• The WPA, established May 6, 1935, developed programs to move unemployed workers from relief to jobs. The WPA workers, among other things, rebuilt the national infrastructure, wrote guides to the 48 states, worked in the arts and theater, and assisted with disaster relief.
      • The NYA, established under the WPA, gave part-time jobs to high school and college students to earn money to continue their education.
      • The CCC, created March 31, 1933, employed men aged 18–25 in conservation work in the national parks and forests.
  • Occupation (Col. 28-31). This indicates the person’s occupation and related information can help one search for employment records.
    • Enumerator Instruction. The enumerator was given the following instructions
      • For a person at work, assigned to public emergency work, or with a job (Yes” in Col. 21, 22 or 24), enter present occupation, industry, and class of worker.
      • For a person seeking work (“Yes”  in Col 23): (a) If he has previous work experience, enter last occupation, industry, and class of worker: or (b) if he does not have previous work experience, enter “New worker” in Col 28, and leave Cols. 29 and 30 blank.
    • Enumerator codes. The enumerator used the following codes for class of work
      • Wage or salary worker in private work (PW)
      • Wage or salary worker in Gov’t work (GW)
      • Employer (E)
      • Working on own account (OA)
      • Unpaid family worker (NP)
    • Professional directories. When occupations are mentioned, search for occupational directories. Directories can list as little as a name to entire profiles of families.
    • Occupation/trade. Look carefully at the person’s occupation/trade and define what types of records that might exist. You will see answers such as frame spinner, salesman, laborer, rivet heater, music teacher. I had an ancestor who was a merchant which led me to look for a business license, business/professional directory, ads for his business in the newspaper and related documents all of which I found. Another genealogist, had ancestor who was a member of the clergy which led them to search and find church records.
  • Income in 1939 (12 months ending December 31, 1939) (Col 32-34).

Supplementary Questions

(For persons enumerated in lines 14-29).  At the bottom of each schedule, a supplementary census asked additional questions of two people enumerated (approximately 5% of those enumerate or 1 in 20 persons) on preselected lines on the form. These supplemental questions are related to the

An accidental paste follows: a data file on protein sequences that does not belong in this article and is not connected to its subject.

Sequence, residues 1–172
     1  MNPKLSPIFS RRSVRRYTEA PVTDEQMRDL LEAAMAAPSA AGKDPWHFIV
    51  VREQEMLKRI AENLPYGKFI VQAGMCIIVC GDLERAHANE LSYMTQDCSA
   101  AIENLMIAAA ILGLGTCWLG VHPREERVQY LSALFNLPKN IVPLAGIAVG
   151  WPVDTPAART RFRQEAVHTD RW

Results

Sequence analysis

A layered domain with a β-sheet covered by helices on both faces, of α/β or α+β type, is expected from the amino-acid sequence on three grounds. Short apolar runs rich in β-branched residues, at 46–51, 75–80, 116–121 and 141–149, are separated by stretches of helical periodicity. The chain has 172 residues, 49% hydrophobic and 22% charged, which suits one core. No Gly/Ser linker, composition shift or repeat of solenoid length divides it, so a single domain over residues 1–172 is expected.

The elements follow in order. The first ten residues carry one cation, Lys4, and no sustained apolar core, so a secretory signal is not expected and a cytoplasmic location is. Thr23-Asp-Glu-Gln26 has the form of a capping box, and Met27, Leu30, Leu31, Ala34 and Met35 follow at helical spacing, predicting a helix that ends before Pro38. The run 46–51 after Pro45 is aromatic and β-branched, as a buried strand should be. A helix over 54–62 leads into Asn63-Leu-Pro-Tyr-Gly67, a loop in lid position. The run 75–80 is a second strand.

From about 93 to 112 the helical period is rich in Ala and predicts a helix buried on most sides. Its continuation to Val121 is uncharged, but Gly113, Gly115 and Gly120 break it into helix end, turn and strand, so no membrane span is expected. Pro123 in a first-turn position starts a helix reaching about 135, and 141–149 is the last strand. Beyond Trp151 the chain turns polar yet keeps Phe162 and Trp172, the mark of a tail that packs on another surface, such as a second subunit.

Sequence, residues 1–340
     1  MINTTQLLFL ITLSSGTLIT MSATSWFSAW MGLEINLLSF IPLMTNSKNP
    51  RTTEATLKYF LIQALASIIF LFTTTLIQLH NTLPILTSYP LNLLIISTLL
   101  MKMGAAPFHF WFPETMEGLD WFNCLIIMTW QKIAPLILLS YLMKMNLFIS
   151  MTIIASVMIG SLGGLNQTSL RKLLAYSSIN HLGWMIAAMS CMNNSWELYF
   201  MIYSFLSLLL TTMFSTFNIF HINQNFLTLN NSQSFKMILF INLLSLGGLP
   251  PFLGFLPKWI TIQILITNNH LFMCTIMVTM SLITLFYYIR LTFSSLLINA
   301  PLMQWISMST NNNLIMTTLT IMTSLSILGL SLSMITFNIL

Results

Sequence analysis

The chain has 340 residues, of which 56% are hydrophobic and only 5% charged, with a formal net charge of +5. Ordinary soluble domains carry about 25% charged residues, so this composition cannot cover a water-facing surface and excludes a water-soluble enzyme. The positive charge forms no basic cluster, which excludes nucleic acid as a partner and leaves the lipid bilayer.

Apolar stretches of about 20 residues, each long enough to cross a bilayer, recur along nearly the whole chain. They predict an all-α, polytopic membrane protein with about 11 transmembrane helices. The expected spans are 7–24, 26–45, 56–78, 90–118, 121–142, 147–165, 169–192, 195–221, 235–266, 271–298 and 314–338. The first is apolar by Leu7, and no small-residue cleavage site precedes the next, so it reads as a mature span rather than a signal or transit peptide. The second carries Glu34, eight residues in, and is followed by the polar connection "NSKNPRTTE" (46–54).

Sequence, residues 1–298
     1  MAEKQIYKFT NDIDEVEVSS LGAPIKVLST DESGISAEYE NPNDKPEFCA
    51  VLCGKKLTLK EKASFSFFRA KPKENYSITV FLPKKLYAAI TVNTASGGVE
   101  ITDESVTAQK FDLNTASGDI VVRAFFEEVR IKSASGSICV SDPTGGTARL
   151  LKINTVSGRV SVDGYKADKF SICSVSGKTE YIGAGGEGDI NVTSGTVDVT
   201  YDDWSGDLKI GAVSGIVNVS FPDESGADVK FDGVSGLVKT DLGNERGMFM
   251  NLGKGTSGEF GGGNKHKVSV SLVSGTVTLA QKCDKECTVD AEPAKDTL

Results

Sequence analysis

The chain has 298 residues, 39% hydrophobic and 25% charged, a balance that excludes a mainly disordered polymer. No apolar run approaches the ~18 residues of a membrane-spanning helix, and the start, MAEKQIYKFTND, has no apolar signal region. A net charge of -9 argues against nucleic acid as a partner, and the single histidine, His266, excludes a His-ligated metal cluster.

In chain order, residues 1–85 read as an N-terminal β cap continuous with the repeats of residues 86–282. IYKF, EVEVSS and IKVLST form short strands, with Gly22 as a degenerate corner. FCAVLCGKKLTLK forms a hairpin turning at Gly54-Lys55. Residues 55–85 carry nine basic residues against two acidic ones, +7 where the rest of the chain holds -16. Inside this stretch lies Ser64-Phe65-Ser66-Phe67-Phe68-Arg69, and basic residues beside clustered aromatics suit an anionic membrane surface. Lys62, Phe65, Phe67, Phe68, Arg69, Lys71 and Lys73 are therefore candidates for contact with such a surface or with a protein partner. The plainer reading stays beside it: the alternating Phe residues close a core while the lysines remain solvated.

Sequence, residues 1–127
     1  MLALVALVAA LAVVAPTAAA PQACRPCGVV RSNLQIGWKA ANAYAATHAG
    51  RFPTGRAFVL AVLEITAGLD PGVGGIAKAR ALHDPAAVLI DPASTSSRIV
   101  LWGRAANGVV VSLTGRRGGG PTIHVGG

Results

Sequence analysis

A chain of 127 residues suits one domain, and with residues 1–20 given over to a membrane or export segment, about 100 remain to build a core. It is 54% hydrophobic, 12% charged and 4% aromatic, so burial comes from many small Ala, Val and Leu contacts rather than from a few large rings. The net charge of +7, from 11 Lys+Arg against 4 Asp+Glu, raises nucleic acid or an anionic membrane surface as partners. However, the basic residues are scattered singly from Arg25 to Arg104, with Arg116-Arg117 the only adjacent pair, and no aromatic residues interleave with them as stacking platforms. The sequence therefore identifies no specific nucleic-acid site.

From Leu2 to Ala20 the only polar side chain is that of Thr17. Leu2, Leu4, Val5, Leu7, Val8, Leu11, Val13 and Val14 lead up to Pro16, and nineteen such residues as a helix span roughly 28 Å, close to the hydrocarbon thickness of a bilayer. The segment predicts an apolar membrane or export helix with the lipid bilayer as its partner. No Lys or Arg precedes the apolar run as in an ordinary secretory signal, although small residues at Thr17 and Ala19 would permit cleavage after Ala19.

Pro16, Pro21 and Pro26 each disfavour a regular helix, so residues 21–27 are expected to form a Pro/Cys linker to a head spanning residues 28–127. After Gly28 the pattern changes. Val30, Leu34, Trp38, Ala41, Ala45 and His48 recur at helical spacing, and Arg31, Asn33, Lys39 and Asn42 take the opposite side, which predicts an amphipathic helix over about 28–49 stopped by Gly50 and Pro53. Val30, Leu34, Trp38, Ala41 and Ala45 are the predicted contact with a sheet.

• Birthplace of the respondent’s parents
  • Veterans’ service
  • Social Security and Railroad Retirement, two new national insurance plans
  • On both the complete form and the supplemental form, people gave the industry they work in and their specific occupation
  • Name (Col. 35). Name of the person being enumerated.
  • Place of birth and mother tongue of Father and Mother for persons of all ages (Col. 36-37). In the 1880 census, there were questions that were related to where the person was born and the birthplace of their mother and father.  In 1940 this question was moved from the primary form to the supplemental schedule.
    • Place of birth. If born in the United States, they were to give the state or territory. If the individual had a foreign birth, they were to give the country. This information is critical to helping you develop scenarios of where to search for family.
    • American citizen not born in U.S. If a person was born abroad, but of American parents, both the birthplace and “Am. cit.” that is, American citizen was recorded in the column. For a person born at sea, “At sea” was recorded. Enter the Place of Birth exactly as the enumerator wrote it.
    • Narrow search. Use this information to narrow your search for records to geographic area even town. Also very helpful with clues to immigration and/or migration.
    • Numerator code. When the enumerator recorded place of birth they could have used a two letter code for a state or they could have written the name of the state out or another abbreviation.  For example North Dakota could have been written as ND, North Dakota.  If you see a code that is only one letter such as O, could mean Oklahoma, Ohio, or Oregon.  Make no assumptions.  You will need to check the 1930 and 1920 census to see if you can find clues to help your resolve the limited information.
    • Mother tongue spoken at earliest age. The enumerator was to record the first language the individual spoke.  If the language is other than English, this is a clue to look for immigration records.
  • Veterans (Military) (Col. 39-41). Use this question as a clue to look for military records.
    • Enumerator coding for war or military service. The enumerator would use the following coding for answers given:
      • World War (W)
      • Spanish American War, Philippine Insurrection or Boxer Rebellion (S)
      • Spanish American War and World War (SW)
      • Regular establishment (Army, Navy or Marine Corps) Peace-time Service only (R)
      • Other war or Expedition (Ot)